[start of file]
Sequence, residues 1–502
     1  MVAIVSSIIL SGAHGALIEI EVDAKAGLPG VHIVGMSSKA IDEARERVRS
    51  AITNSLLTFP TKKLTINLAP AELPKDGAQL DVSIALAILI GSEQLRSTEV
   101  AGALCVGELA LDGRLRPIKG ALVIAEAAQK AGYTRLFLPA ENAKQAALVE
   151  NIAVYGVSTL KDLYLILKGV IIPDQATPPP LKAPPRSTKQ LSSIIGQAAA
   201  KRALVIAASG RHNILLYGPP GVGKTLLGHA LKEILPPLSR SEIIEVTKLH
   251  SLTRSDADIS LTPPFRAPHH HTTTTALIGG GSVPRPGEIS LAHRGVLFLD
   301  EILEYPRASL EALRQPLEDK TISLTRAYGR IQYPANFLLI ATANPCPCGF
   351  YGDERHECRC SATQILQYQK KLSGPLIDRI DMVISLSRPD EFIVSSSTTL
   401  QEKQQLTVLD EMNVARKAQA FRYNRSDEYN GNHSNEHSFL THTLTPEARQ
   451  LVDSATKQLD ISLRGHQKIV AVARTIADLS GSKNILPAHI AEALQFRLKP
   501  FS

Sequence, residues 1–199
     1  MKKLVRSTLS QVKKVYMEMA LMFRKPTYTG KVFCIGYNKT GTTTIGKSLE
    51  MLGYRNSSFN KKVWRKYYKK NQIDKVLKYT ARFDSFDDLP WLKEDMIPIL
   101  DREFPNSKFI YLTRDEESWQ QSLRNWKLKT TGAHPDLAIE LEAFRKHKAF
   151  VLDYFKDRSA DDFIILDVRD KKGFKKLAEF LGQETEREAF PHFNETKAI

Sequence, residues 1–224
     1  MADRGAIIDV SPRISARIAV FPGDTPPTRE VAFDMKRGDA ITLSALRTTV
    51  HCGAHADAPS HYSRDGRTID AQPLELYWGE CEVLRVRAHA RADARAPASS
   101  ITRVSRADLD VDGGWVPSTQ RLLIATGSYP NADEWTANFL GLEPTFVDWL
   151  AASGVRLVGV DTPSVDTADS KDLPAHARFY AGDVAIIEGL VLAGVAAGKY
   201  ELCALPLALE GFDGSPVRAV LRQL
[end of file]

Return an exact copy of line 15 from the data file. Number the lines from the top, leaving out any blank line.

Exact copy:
    51  MLGYRNSSFN KKVWRKYYKK NQIDKVLKYT ARFDSFDDLP WLKEDMIPIL